We were staying at Palm Cove between Cairns and Port Douglas to watch the Total Solar Eclipse, which provided an ideal opportunity to explore the spectacular rainforest inland from the coast.
Being an adventurous soul, I thought I’d just hop on the bike and follow my GPS, but I’ve learned to listen to the wisdom of my wonderful wife who insisted I ride with someone who actually knew the area. That was how I met Dan Foley from Dans Mountain Biking. Dan has been mountain biking in Far North Queensland for over twenty years and knows the trails intimately. He operates guided tours by mountain bike through places like Cape Tribulation, Daintree National Park, Bloomfield Track, Atherton Tablelands and Mulgrave Valley. Today he took me through Mulgrave National Park and “The Bump Track”. The rainforest is full of things that eat, sting, bite, slice, and/or kill you, so I’m really glad Dan was there to keep me out of harms way.
Funnily enough, while thinking of all the things that could chew me up, we started our ride from the car park at Hartleys Crocodile Farm at Wangetti.
The first part of the ride was up Quaid Road – a disused development road which, over the space of 5km, climbs 500m up from Wangetti on the coast into the rainforest. It was built by property developer George Quaid in the 1980’s just before the area was declared a wet tropics world heritage area. So (thankfully) George didn’t get to carve up the rainforest. The road is gated off – so motor vehicles can’t use it. But it’s a really easy way to get from the coast into the mountains by mountain bike.
Not far in, we encountered what I thought was a dead snake. “How sad” I thought as I sidled up close to it to take a picture. Dan suggested we give it a wide berth in case it was still alive. I listed to him, and once past it, we poked it gently with a stick. To my great delight the Red Bellied Black Snake (Pseudechis porphyriacus) reared up at us. It was a alive! And so was I for listening to Dan. Those snakes are venomous and can give you a nasty bite.
A little further along the track, and Dan stopped me again. This time it was for a Wait-A-While or Lawyer Cane (Calamus australis). This is a species of climbing Palm Tree. It drops long thin spike-covered tendrils down to the forest floor below. They’re tough and sharp. If you ran into one (or tried to ride past one on a bike), the sharp tendrils could inflict horrible damage. Dan told me stories of motor cyclists losing limbs to the plant while speeding through the forest on a trail bike. The dangerous thing is that the tendrils are so thin that they’re nearly impossible to see. And with the rain pouring down, and glasses fogged up, it would have been really easy for me to get snagged on one (or two, or three). Thankfully (for me), Dan rode in front. He hit the vines first. I just made sure I took notice when he pointed them out to me.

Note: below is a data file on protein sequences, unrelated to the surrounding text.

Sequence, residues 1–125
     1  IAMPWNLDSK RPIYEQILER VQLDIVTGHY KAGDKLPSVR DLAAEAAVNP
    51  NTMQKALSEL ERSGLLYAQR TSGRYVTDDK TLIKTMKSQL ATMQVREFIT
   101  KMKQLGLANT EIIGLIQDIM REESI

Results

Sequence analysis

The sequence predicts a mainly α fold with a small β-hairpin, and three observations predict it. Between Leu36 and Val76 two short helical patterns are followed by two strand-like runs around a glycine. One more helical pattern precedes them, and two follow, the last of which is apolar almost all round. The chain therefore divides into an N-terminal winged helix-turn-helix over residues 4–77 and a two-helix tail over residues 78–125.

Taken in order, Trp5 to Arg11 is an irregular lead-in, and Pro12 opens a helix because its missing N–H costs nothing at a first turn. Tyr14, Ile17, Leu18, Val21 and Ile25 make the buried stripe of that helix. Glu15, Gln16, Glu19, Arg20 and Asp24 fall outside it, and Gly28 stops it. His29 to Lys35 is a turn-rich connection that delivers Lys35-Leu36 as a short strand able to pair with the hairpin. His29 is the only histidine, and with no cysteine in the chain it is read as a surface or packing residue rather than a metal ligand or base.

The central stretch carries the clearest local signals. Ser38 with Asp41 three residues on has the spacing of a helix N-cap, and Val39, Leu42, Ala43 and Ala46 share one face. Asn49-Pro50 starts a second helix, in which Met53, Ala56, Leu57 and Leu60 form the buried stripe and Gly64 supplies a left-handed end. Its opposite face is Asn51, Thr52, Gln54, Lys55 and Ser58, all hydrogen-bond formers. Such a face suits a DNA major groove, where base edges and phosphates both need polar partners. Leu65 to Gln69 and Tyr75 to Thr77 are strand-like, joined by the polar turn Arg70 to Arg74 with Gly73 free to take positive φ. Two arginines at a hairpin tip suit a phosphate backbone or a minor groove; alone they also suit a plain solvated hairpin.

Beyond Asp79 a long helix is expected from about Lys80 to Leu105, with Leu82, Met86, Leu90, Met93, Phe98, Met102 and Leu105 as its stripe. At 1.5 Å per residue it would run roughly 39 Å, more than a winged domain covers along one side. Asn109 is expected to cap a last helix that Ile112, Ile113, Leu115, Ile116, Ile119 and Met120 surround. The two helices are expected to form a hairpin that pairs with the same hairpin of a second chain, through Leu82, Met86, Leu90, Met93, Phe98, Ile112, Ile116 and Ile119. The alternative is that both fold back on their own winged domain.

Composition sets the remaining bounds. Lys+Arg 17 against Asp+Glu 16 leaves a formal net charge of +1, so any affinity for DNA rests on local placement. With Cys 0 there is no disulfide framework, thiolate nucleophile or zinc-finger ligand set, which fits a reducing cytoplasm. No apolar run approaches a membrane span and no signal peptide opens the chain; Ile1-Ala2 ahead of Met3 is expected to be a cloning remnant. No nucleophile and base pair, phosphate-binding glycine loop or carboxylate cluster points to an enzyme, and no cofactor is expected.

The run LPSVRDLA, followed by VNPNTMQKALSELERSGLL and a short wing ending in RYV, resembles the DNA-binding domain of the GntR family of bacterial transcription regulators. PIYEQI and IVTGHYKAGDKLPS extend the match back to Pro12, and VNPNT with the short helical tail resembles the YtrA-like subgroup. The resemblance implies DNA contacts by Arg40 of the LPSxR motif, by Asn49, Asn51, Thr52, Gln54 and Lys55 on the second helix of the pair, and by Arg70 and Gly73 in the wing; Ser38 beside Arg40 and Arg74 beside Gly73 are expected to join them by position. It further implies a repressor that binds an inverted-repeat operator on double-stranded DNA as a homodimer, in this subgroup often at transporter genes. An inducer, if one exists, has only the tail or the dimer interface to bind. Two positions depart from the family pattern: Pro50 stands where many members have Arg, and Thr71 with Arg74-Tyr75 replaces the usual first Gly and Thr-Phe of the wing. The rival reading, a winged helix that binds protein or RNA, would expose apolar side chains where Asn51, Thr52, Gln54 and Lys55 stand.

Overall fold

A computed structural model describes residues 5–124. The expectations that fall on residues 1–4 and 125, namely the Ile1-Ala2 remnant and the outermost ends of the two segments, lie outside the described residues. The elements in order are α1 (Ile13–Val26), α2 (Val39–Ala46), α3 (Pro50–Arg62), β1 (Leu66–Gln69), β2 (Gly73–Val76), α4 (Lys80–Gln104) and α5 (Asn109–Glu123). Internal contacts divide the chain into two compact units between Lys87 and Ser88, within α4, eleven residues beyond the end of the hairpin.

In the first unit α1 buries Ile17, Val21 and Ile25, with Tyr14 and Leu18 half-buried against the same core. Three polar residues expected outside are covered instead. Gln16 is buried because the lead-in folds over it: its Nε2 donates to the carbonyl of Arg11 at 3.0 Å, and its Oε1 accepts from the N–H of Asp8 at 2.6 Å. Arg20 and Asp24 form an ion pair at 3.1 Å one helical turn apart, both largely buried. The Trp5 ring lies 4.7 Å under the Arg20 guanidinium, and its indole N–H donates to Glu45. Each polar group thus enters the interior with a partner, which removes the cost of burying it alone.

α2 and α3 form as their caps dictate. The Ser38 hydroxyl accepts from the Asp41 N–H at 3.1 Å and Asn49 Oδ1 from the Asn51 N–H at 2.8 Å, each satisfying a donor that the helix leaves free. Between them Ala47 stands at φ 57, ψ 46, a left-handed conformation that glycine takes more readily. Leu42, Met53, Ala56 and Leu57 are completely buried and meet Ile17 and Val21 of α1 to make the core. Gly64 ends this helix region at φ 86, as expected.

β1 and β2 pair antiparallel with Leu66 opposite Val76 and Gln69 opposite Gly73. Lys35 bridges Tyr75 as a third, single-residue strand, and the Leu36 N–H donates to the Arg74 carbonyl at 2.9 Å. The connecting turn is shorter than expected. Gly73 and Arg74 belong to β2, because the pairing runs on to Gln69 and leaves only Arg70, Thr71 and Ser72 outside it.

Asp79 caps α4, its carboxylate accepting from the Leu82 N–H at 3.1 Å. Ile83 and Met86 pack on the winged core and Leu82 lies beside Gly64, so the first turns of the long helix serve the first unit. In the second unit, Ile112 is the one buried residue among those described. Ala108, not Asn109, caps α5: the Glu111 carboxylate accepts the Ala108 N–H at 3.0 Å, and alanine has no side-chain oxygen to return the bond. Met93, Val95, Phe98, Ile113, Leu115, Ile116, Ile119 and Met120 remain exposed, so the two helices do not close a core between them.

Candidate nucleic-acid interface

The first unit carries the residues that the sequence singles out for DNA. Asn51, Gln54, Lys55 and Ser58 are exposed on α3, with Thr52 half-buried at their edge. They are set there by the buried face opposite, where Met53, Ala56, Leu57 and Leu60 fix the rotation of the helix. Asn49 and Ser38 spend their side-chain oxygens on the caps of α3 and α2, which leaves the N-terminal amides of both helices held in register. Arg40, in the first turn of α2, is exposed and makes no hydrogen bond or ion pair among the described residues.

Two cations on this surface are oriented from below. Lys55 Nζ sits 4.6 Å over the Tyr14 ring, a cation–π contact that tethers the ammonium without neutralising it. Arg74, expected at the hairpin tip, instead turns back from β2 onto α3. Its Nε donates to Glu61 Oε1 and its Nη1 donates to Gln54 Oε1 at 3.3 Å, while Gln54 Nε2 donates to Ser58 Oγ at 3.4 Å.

Aborigines used the mature cane from the vine as struts to build shelters. They wove the spiky tendrils into snares and fish traps. And by cutting the thick canes they were able to collect drinking water when needed. A one meter long section of the vine, when cut, could supply over a cup of drinkable water.
Another nasty surprise in this part of the world is the Gympie Gympie or Stinging Tree (Dendrocnide moroides) – a highly toxic plant that can inflict severe pain at the slightest touch. The cure is duct tape or leg wax applied to the affected area of skin to pull the thin spikes out. The worst thing you can do is rub the area or apply water to it.
We slowly continued our ride northwards over several log bridges which crossed quiet creeks. The water is crystal clear and is good to drink as well. The trick with log bridges is to make sure you don’t get your wheel stuck in the gap between the logs, so it’s important to “Pick a plank” and stick to it, or run the risk of flying over the handlebars 🙂
The “Twin Bridges” track is named after two large log bridges which used to span Spring Creek. Floodwaters destroyed the bridges a while ago, and all that is left is a large pile of logs. So we had to wade across the creek in thigh deep water. Thankfully there were no crocodiles 🙂
Eventually we reached the top of “The Bump Track”. This track is part of the Bicentennial National Trail and forms part of the route that Cobb & Co took between Port Douglas and Georgetown in the 1880’s. The 322km trip trip used to take five days. When the coach got to the Bump Track, all the passengers had to get out and walk, while the horses dragged the stage coach up the steep hill.
Today we were going DOWN the Bump Track, not up it. At its steepest, the track drops over 300 metres in 1.8 km. My brakes were totally cooked by the time we got to the bottom. So I was glad to stop halfway down to enjoy the view of the Mowbray River to the east, and let the brakes cool down.
Once at the bottom, we made our way back to the Captain Cook Highway near Port Douglas and made our way south along the bitumen. This must be one of the most scenic highways in the country. On the way back we stopped at Rex Lookout to enjoy an amazing panorama of the coastline to the south.
All up we rode 55km in just over 5 hours including breaks. I burned 5,000 kcal as we ascended a total of 1,250m. On the tough-o-meter I’d rate this ride about 7.5 out of 10 for difficulty, but 10 out of 10 for fun and stunning views.
If you’re new to the area, DON’T do this ride by yourself. Get someone who knows the area, like Dan Foley. When you’re taking on a tropical rainforest with “Wait-A-While” vines, Gympie Gympie plants, Black Snakes, Crocodiles, and log bridges with treacherous gaps, a competent guide will ensure that you arrive home happy and in one piece.
Max elevation: 509 m
Min elevation: -91 m
Total climbing: 1295 m
Total descent: -1233 m
Average speed: 14.10 km/h
Total time: 05:12:16